Jun 3, 2008, 5:44 AM
Amnesty International, a human rights organisation with a global movement of 2.2 million people in more than 150 countries and territories who campaign to end grave abuses of human rights, has called on the Gambian government to incorporate international human rights law and standards into national laws and to cease the use of torture in detention and extra judicial executions.
This is contained in its latest report on The Gambia, which documents what it termed as human rights violations that have taken place over the past two years. It also called on the Gambian government to release all those detained without charge and to protect the access of all Gambians to a free and impartial judicial system.
Among others, the Amnesty International report highlighted issues ranging from rights to fair trial, absence of adequate remedies, unlawful arrest and detention, enforced disappearances, and torture and ill treatment in detention.
The report however issued some recommendations to the government of The Gambia, the international community and international donor community.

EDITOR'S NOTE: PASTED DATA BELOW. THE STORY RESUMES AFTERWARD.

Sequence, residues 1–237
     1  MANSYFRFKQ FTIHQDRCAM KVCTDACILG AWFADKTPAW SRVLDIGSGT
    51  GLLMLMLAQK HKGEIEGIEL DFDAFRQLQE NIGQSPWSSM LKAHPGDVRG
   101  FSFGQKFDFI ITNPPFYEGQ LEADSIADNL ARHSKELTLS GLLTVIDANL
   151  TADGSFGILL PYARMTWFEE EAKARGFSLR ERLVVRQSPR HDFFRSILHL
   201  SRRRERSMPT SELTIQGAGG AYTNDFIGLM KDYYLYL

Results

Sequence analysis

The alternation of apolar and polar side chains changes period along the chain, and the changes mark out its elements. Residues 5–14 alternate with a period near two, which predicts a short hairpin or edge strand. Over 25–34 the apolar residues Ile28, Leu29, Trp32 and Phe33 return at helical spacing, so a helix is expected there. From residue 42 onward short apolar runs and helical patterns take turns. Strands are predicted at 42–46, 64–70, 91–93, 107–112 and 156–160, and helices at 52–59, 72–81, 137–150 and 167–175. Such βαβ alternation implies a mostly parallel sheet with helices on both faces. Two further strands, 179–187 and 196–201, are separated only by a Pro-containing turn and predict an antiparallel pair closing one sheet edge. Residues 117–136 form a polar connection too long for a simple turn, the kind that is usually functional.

According to the report, Amnesty International urges the Gambian government to comply with the order handed down by the ECOWAS Community Court of Justice in June 2008 to release Chief Ebrima Manneh from 'unlawful' detention without further delay and pay US$100, 000 in damages.
The report also recommended to the government to organise full reparation, including compensation, restitution, rehabilitation, satisfaction and guarantees of non-repetition for the victims of torture and ill treatment, unlawful arrest and detention, extra-judicial execution and enforced disappearances.
It also urged ECOWAS and the African Union to publicly condemn instances of human rights violations, including arbitrary arrest, torture, extra-judicial executions and enforced disappearances, which come to their attention, and address such concerns to Gambian authorities.
To the international donor community, the Amnesty report urges the community to substantially increase funding for civil society and non-governmental human rights organisations, especially The Gambia Bar Association.
The report also urged the international donor community to strongly encourage the government of The Gambia to comply with the ruling handed down by ECOWAS Community Court of Justice to release Chief Ebrima Manneh.